Monday, November 23, 2015


During the wonderful Shaw in NYC Conferece that was so successfully organized, and thoroughly enjoyed by many of us last October, my friend Jean Reynolds gave me a few Shaw books she had extra copies of so that I could enlarge my personal library. This is something she has been doing for a while now, and I cannot thank her enough for it. I normally try to return the favour by sending her a digitized copy of whatever books she gives me - a deal any of you can get, by the way. 

This time, one of the books I got is a relatively well-preserved copy of The Quintessence of G.B.S., edited by Stephen Winsten (1949)

This book is a lode of invaluable information for quotation hunters like me, as it is basically a compendium of Shaw quotations with their corresponding source. As luck would have it, I turned one of the pages and I found an old scrap of paper that had been probably used as a page marker for a long time. 

When I took it out of the book in order to scan that particular page, my eye was caught by what seemed a rather unusual choice of words for Shaw:

Another foreign language - that of Amurrica. 

Winsten tells us that this phrase is taken from Our Theatres in the Nineties, one of the collections of Shaw's dramatic criticism. Although I was ready to take Winsten's word for it, I wanted to see the quotation in its larger context, so I decided to locate it. The problem was that the editor had forgotten to say in which of the three volumes of Our Theatres in the Nineties this exact quotation is to be found. As many of you know, this collection of critical essays consists of three volumes containing the articles Shaw contributed weekly to The Saturday Review from January 1895 to May 1898 - in other words, a little over 150 articles, or more than 800 pages of text.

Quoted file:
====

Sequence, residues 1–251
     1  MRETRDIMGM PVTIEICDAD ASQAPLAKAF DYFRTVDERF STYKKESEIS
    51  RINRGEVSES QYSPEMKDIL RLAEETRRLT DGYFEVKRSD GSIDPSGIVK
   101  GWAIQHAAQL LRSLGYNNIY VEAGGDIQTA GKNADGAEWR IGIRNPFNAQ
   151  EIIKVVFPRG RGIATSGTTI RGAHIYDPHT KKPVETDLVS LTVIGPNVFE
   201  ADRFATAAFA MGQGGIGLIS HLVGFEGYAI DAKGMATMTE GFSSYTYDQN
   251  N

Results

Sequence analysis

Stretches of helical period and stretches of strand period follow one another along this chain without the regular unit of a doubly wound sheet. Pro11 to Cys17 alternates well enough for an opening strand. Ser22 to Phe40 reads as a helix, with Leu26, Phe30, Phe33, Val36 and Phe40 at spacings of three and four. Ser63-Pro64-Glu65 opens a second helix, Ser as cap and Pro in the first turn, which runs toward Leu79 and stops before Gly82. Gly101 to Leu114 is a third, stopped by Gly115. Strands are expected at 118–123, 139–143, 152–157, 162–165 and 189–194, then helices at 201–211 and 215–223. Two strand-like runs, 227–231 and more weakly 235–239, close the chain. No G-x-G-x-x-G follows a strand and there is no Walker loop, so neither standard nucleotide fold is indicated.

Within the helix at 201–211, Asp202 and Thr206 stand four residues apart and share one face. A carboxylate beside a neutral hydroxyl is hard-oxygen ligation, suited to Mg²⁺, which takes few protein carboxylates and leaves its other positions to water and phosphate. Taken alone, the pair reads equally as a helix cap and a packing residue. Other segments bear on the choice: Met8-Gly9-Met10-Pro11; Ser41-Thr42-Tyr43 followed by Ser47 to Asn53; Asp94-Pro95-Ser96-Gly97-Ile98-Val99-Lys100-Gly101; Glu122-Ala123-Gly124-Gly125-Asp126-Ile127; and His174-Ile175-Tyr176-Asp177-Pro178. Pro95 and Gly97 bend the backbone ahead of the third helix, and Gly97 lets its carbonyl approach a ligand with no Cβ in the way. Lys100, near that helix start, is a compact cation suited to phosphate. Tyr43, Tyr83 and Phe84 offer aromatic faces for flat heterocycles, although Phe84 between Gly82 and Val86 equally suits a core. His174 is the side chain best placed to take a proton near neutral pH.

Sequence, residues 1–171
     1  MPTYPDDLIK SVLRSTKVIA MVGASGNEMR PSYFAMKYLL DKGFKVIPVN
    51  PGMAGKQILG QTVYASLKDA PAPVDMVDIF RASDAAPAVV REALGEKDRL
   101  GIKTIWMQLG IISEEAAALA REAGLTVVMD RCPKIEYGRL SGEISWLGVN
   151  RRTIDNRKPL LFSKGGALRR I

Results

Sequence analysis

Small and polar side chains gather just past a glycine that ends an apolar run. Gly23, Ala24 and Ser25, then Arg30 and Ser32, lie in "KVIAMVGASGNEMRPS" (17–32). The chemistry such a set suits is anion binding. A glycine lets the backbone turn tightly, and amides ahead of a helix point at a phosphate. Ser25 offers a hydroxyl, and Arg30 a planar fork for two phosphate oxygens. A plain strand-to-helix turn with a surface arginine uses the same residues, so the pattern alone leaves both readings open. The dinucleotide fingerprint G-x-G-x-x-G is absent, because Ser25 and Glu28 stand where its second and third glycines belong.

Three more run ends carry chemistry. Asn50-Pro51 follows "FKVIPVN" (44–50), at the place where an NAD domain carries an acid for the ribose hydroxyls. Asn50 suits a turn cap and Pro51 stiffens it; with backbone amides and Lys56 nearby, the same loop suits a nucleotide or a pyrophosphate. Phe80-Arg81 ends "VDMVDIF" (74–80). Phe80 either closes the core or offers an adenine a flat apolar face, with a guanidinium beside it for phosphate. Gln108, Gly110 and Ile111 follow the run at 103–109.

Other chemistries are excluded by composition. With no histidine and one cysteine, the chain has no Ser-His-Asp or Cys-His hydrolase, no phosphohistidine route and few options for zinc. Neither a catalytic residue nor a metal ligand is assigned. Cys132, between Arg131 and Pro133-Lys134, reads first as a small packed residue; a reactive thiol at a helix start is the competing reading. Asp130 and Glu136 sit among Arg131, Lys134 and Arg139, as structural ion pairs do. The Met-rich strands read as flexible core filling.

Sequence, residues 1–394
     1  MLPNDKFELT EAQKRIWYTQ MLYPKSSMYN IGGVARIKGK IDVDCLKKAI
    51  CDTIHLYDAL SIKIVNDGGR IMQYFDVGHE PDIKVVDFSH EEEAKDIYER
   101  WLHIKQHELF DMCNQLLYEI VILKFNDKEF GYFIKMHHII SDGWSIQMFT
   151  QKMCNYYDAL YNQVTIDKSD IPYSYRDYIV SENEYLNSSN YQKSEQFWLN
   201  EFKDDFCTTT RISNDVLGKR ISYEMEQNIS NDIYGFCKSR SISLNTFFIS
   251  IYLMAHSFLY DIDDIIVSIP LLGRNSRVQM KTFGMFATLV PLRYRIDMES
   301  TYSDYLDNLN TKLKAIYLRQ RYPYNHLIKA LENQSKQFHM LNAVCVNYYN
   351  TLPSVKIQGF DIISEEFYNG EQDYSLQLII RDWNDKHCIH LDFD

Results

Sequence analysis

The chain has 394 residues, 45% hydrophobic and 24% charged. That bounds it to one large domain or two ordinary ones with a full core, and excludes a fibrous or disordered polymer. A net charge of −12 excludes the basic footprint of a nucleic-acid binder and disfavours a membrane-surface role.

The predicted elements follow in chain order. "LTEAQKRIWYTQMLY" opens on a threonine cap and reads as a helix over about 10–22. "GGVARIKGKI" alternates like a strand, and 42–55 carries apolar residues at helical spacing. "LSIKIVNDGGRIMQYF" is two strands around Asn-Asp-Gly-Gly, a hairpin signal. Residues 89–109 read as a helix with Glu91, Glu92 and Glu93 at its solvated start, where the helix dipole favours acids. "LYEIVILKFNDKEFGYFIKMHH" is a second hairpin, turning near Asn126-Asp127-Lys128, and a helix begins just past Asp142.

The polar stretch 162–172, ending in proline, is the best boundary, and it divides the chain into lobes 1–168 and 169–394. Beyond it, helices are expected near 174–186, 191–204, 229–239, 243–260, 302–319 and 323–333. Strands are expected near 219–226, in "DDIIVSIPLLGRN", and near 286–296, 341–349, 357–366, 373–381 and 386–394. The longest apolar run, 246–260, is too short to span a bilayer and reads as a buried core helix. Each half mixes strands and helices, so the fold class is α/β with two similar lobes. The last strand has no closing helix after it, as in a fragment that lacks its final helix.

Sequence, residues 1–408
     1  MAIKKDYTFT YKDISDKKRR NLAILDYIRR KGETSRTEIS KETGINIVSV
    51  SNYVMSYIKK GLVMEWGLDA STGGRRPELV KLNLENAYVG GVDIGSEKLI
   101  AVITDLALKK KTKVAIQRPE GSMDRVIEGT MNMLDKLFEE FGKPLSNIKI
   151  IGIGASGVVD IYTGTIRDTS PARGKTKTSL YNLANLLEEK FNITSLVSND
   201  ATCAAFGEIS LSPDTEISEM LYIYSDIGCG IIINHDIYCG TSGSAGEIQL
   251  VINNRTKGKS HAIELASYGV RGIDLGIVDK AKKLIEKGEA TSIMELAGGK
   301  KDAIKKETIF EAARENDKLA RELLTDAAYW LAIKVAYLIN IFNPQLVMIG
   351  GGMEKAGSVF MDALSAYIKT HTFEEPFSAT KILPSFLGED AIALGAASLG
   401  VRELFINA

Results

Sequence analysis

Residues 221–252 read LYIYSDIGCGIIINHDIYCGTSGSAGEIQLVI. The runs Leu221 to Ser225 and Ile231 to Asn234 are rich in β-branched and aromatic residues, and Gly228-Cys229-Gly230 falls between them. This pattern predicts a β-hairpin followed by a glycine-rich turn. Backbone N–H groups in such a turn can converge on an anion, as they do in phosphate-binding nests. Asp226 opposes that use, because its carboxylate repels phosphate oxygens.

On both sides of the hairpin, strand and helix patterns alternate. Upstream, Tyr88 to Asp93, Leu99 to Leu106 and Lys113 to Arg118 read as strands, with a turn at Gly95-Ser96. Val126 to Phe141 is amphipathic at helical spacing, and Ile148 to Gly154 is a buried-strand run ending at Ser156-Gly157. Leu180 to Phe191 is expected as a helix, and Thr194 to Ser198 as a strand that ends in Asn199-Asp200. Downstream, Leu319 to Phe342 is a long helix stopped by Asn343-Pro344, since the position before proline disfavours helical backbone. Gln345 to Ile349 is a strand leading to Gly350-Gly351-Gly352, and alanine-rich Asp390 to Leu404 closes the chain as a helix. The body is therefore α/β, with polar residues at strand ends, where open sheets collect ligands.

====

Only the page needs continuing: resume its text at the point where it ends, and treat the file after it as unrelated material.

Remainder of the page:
A quick search in my database (technology really is something!) returns the exact occurrence of the above quotation on page 163 of Volume I, in an article that critiqued one of Augustin Daly's productions. The article in question was entitled "Mr Daly Fossilizes" (29 June 1895), and was written on occasion of the staging  of The Railroad of Love at Daly's Theatre, a comedy in four acts adapted by Mr. Daly from a German play called Goldfische, by Franz von Schönthan and Gustav Kadelburg. 

The excerpt on the alleged foreign language of "Amurrica" is the opening sentence of the article, and it introduces Shaw's argument that Daly's adaptation was already completely outmoded and superseded in London's West End at this point. In Shaw's own words: 

"I wonder how far Mr Daly realizes how completely that state of things has gone by. When Mr Charrington produced Ibsen's Doll's House at the Royalty in 1889, he smashed up the British drama of the eighties. Not that the public liked Ibsen: he was infinitely too good for that. But the practical business point is not how people liked Ibsen, but how they liked Byron, Sardou, and Tom Taylor after lbsen. And that is the point that our managers miss."

By the way, those of you who may not have a copy of Our Theatres in the Nineties handy can also read this article in The Drama Observed (Vol. II, pp. 378-383), edited by Bernard F. Dukore

Once the point in question has been sufficiently clarified, there are at least a couple of things worth commenting on. The first one is that, to be frank, given Shaw's interest in music, phonetics, and speech, I was expecting this quotation to be related to American accents on stage or someting of that nature. 

Also, it gives one a different perspective on what we consider contemporary jargon. The Internet is plagued with pseudo-comic memes satirizing - commonly through exaggeration - any aspect of the American stereotype. These usually label the resulting portrait "Murica."

Well, contrary to what I initially believed, but very much in line with what Shaw represents, he was ahead of his time in this also. 

Tuesday, November 17, 2015